Hyderabad witnesses Four Play, an Interactive Art Performance

Hyderabad witnessed one of its first interactive performance called “Four Play” on the evening of 29th September, at its much-celebrated open space cultural centre Lamakaan. The presentation was an interactive performance art curated and presented by Expressionist dancer and performance artist Patruni Chidananda Sastry and Theater Artist Sajiv Palasa.

“Four Play”, as the name suggests, is a bold, thought-provoking performance act for raising awareness on sexual education, body and sexual desire and a sharp outcry against non-recognition of same-sex marriages. The performers called themselves Exhibits. Exhibit one (Patruni Sastry) was dressed in drag. without any makeup and outpoured masculinity to bring in a sharp fluidity of both feminine, masculine and transvestite representation, representing the feminine in a marriage setup. Exhibit two (Sajiv Palasa) was more about being himself, poured masculinity without a gender-bend. They were to play four games – games of lust, ego, greed and anger.

The performance started when both the exhibits were standing in inverted tiers (showing partnership of marriage as two tires of a vehicle) and started shouting “I am superior” in turns. They then slowly moved towards a white drawing board where they marked it as Game 1.

Game 1 was a fluxed representation of traditional games played by the couple in a south Indian family called Okhli with a twist. Both the exhibits needed to find a Handcuff in a bucket full of beans, first with legs, then heads and hands. The person who won was called superior and the other removed his upper garment.

Picture by: Manab Das

The next game had both of them walk on a mat handcuffed together and walking randomly within the interface of the mat and intermittently folding it to half of its length. When they reached the minimum fold, they had to fight with Pillows (an intimate game played by a couple) and destroy the pillow into cotton. This depicted a representation of the sacred 7 steps, but was not limited to just 7. The folding of the mat was symbolic, showcasing how same-sex couples/ straight couples are forced not to exhibit their feelings outside the boundaries of the wall and restrict themselves within confined spaces to avoid moral policing. Sajiv won this game and Sastry ended up in two-piece costume. An intense picture was put in front of the crowd where he stood wearing an inner garment of a woman (resisting the moral policing of what women must wear).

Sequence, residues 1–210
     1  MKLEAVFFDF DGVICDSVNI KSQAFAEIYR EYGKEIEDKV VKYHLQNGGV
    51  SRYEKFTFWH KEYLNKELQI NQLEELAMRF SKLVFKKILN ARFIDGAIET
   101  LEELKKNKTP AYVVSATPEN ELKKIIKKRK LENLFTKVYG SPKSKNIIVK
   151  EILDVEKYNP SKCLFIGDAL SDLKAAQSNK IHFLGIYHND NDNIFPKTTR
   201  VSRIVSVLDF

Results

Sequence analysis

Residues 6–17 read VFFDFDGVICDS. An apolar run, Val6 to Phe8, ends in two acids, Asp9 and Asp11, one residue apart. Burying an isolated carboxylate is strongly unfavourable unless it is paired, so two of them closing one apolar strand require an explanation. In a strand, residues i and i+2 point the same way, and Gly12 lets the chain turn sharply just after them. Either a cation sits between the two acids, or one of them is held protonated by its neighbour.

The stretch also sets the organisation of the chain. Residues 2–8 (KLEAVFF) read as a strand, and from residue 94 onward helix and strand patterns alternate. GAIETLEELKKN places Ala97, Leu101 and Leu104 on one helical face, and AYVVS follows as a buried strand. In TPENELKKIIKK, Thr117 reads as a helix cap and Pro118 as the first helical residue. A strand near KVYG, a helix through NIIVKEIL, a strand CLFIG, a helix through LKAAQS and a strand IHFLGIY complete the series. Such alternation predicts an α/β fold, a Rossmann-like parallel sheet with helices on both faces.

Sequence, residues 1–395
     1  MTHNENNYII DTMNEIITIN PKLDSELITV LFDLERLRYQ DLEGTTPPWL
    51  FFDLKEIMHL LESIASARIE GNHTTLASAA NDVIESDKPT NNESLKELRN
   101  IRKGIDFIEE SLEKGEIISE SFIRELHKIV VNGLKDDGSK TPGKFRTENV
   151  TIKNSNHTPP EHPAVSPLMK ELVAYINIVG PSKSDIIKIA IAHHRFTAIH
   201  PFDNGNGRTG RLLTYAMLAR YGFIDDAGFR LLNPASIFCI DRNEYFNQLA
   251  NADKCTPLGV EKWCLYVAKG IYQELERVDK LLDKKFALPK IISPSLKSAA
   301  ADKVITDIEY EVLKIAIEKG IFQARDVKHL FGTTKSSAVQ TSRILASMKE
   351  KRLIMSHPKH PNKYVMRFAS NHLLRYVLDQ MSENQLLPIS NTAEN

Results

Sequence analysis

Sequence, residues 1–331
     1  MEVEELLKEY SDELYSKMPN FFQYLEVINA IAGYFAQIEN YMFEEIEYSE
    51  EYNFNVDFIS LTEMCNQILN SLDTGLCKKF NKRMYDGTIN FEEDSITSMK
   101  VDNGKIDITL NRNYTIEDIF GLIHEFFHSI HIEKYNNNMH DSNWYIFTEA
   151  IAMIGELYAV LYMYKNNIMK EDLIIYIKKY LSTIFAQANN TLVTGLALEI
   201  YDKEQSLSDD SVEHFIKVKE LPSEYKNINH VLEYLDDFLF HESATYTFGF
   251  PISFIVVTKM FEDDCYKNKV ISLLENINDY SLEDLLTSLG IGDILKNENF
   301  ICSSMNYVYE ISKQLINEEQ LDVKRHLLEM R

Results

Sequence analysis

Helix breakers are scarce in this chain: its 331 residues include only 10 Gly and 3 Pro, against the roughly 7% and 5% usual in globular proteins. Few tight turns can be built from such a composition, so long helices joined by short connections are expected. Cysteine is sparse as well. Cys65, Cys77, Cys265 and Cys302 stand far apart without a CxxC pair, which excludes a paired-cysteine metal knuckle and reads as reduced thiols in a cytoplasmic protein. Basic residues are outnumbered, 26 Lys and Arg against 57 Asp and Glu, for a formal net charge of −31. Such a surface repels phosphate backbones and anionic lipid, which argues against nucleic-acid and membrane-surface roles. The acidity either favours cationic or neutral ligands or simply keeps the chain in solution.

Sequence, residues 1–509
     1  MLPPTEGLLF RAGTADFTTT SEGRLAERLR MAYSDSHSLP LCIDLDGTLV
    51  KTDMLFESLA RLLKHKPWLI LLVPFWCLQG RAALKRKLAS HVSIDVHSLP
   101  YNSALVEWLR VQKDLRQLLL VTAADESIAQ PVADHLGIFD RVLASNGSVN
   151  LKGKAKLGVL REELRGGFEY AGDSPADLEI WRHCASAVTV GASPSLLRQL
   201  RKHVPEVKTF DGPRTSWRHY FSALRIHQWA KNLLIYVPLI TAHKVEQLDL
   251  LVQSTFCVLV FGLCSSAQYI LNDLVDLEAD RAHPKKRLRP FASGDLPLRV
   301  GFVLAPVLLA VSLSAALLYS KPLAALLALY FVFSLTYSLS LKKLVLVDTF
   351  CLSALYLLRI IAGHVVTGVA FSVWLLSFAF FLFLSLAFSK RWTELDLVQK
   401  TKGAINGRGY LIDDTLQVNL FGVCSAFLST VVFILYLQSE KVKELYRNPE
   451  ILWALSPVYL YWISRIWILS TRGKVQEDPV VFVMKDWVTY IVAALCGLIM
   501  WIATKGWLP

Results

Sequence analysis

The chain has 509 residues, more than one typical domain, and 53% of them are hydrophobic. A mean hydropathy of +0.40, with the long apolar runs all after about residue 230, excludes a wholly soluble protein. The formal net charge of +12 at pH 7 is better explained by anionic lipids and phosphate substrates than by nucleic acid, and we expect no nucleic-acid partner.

Picture by: Manab Das

Game three proceeded with the couple playing Talambralu (a south Indian marriage ritual) with rainbow colours symbolizing pride. The movements became more subtle and sensual, depicting the importance of touching, eye contact, connectivity within two people and educating the aspects of exploration of sexuality.  The fading dynamics of superior vs inferior, dominant versus submissive and masculine vs feminine was depicted in the act of pouring colours one after the other from each other’s head; claiming equality of their sexual instinct and promise to walk along.

The final game was “BRAHMA MUDI”. Representing the Mangalasutra, however, was a long rope that dangled between the couple showcasing the long battle the same-sex couple must fight to get marital acceptance in this country. This long rope was wrapped by both the exhibits while they walked towards each other and become one. Both were cocooned into the rope and shared a kiss of love to showcase the superiority of love over everything. At this moment, the audience started stepping up with the roll of tissue papers and wrapped it around the couple to showcase the taboo associated with showcasing affection in public spaces. The tissue was used to send a strong message about discrimination against same-sex couples, public display of affection, right to express and take a strong stand against moral policing.

The performance ended with the artists addressing the crowd. A participant asked: “Why did you choose these games, was its intent to mock the marriage system?” Patruni replied, “This was to symbolize the nonacceptance of these rituals for same-sex couples by the society and as a strong statement that this is how the same-sex couples visualize these ceremonies when the society closes the door.” 

Picture by: Manab Das

The background flute music by Pawan from the Nations Rock Beat enthralled the audience, who asked curious questions from the artists. The event was first of its kind in Hyderabad, with maximum participation from the audience. The event ended with Patruni thanking the Lamakaan operations, Mobbera foundation and Manab Das for their contributions in making this a successful event.